Freezing temperatures ruined an undetermined amount of citrus in Delano early Thursday as a near-record cold settled over the southern Central Valley.
A supervisor of Kern County's Fruit and Vegetables Standardization Program said inspectors found ice crystals in navel oranges.
"That block will mostly likely be out for the season," said the supervisor, Jennifer Stilwill. She added that inspectors will check again in three days to better assess the damage.
There were no early reports of damage elsewhere in the county, though agricultural officials are aware of temperatures as low as 26 degrees for a brief period, and 28 degrees for longer durations.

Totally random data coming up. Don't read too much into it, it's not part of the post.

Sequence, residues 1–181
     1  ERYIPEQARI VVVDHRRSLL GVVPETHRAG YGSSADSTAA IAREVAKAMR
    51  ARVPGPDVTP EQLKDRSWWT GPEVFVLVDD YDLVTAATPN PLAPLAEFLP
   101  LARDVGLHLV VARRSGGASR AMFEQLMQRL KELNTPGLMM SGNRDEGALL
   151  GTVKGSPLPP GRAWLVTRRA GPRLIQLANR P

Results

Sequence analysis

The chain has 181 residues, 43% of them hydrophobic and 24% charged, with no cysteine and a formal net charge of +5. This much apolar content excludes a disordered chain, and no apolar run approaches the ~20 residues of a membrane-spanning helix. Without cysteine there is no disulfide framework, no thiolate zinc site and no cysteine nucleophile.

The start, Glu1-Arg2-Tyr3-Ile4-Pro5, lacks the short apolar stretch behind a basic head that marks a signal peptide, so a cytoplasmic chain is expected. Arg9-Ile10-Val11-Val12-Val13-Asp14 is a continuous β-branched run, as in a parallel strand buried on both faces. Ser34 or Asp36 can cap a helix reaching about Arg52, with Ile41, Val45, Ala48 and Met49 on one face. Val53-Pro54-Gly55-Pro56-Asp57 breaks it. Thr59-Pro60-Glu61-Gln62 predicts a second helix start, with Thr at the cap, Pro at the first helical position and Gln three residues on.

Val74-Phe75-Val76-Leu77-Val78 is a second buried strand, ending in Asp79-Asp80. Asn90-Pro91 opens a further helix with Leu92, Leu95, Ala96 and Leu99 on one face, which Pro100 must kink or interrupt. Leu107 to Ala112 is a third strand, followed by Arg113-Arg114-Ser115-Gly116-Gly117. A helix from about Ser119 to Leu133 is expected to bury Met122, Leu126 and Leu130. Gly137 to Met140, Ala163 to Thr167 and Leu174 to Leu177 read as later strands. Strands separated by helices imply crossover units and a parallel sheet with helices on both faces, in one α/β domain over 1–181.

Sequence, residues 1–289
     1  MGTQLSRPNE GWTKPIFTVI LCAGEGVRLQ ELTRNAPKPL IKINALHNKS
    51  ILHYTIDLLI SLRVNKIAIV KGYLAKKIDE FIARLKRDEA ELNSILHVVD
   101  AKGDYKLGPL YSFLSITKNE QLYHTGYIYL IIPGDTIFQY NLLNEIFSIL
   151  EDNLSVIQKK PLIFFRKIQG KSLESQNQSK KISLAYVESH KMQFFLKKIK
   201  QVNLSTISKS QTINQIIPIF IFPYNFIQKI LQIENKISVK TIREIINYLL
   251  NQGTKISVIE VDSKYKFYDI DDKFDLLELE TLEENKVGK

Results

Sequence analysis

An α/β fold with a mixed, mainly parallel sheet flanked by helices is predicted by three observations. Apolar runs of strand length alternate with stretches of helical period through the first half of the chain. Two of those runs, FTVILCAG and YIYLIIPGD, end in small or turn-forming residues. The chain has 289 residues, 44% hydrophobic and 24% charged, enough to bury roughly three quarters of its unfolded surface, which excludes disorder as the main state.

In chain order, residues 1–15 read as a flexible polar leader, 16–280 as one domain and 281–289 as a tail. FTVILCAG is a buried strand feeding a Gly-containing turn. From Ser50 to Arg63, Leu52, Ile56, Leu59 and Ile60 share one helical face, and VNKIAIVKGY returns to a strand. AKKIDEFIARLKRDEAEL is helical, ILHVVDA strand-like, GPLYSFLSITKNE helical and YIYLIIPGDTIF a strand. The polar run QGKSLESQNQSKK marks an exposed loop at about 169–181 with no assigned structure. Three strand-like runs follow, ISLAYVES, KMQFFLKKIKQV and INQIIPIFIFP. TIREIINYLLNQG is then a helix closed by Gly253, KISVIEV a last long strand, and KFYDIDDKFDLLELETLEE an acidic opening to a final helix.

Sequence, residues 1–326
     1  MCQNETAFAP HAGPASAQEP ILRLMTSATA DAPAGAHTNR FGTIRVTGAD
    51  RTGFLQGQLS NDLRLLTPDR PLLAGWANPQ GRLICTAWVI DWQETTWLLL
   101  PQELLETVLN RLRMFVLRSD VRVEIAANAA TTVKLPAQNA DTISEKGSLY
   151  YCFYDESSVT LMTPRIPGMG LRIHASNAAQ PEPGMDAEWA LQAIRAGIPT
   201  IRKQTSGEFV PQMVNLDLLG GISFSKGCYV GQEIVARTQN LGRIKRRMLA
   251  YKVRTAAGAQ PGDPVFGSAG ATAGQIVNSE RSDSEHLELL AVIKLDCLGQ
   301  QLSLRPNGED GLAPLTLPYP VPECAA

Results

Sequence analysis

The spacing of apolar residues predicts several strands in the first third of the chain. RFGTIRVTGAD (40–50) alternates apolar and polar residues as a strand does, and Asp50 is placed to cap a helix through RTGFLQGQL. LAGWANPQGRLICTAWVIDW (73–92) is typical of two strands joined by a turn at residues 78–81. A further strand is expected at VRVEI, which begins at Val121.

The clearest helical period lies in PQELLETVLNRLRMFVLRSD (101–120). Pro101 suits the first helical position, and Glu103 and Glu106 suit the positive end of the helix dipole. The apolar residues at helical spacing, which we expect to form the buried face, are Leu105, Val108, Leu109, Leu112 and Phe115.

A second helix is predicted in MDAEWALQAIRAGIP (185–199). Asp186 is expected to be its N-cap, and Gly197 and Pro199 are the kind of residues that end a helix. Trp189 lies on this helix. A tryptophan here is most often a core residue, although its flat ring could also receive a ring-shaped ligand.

Temperatures below 29 degrees can destroy some kinds of citrus fruit, depending how long the cold lasts. Freezes rupture juice sacks inside oranges, lemons and mandarins, drying them out and rendering them worthless.
Growers were planning to employ irrigation, wind machines and even helicopters in an effort to circulate warm air throughout the Central Valley.
The National Weather Service reported overnight lows of 29 degrees in Bakersfield and, 19 in the Kern County mountains, just east of Lake Isabella. Bakersfield's record low for the day is 23 degrees.
On the valley floor, the mercury dropped to the mid and upper 20s, meteorologist Brian Ochs at the NWS' Hanford office said. He said the Fresno area got as cold as 29 degrees -- one degree shy of a record.
Similarly chilly weather is expected Thursday night into Friday morning.